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I'm a graduate student in mathematics but I've done a lot of open source software projects, some of which have even won hackathons. My question is should I put them on my CV? I've seen academic CVs only contain publications, conferences etc. But, I feel that these projects are very valuable to mention.

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    Insofar as you're interested in an academic career in mathematics, I would be careful about following advice from anyone except faculty in mathematics who have served on hiring committees. The answer to your question would be very different in different fields, so answers from non-mathematicians are not likely to be directly valuable. And anyone who has not served on a hiring committee can only guess at what might benefit your career, and their guess may or may not be correct. – Tom Church May 29 '15 at 5:33
  • (In my comment above I was inspired by a recent answer, which I would love to credit if I could find it, which pointed out that it is unwise to get advice on applying to graduate school from graduate students, since grad students' ideas of what contributed to their admission are often very far removed from the truth. The same reasoning applies here.) – Tom Church May 29 '15 at 5:35
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You're correct to want to mention them, CVs often probably only lack them because the writer hasn't done them or it isn't relevant to their career (perhaps they do not need to mention them any longer to prove particular skills). My CV included my programming/computing experience and was well received as the programming I had done was relevant; I was applying for computationally demanding PhD programmes.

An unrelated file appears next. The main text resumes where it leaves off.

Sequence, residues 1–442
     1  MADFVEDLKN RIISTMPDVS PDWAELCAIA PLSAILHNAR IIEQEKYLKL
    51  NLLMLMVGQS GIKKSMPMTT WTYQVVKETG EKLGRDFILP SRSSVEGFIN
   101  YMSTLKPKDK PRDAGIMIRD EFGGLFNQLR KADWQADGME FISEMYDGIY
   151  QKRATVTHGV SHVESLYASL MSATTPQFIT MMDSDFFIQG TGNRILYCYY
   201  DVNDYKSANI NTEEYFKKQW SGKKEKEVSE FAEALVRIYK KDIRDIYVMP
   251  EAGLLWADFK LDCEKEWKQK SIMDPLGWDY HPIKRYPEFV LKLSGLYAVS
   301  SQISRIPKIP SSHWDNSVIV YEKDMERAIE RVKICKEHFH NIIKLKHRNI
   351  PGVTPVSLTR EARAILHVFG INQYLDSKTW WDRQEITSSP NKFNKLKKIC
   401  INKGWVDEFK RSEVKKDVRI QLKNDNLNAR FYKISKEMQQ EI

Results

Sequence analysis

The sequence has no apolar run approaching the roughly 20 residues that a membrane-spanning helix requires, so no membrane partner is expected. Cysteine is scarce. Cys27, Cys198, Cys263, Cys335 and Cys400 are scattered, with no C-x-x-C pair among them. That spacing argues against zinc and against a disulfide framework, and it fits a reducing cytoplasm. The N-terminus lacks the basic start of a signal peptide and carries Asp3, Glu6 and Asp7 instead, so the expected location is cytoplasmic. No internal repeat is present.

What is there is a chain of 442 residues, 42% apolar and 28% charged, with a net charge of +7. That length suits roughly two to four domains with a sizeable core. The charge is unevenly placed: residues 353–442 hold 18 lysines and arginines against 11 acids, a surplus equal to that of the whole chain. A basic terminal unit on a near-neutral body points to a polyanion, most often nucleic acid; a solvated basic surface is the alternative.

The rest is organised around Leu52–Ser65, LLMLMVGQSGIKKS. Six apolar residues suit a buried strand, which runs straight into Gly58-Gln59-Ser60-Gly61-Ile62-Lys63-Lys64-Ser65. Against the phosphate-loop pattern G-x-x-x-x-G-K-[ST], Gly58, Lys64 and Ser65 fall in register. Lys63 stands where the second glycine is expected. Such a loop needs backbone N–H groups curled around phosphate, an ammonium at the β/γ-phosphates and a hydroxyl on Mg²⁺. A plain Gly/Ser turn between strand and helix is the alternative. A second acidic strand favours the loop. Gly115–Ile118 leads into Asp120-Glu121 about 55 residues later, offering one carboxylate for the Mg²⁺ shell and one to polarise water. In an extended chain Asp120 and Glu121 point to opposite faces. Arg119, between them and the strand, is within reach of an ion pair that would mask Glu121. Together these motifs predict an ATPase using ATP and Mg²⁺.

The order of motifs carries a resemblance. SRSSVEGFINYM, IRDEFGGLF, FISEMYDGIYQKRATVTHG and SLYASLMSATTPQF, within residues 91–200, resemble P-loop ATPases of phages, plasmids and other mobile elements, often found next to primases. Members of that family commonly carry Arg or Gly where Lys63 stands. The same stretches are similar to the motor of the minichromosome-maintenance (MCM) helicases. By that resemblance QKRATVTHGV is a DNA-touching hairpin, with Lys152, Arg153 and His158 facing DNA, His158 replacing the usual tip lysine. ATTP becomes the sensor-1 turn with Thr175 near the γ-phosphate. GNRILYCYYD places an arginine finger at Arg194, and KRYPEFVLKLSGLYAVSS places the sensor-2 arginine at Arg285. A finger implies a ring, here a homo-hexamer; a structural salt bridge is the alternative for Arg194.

Relevance is key so when including the projects, make sure the skills you gained from completing the open source projects are clear to the reader. Make sure it is also clear how these same skills are relevant to your application.

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I am a mathematics professor and I served on a hiring committee this spring so I've been reading a lot of CVs recently. If the software projects that you have been working on are completely unrelated to your research or mathematics in general, then I would leave them off. If he projects are directly related to your research or even just mathematical in nature (e.g. Work on the Sage computer algebra system), then I would include them.

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On my CV, I try to list software twice: once as part of a scientific project ("I studied ... and wrote a software tool to allow other scientists to ...") and once as a software project ("SequenceMatrix is a Java application to ... that I developed while working on ..."). The first includes scientific outputs, such as publications, findings and point to research interests, while the second includes development tools, software design and engineering practice. Which one I emphasize -- and whether I drop one entirely -- depends on what I'm applying for.

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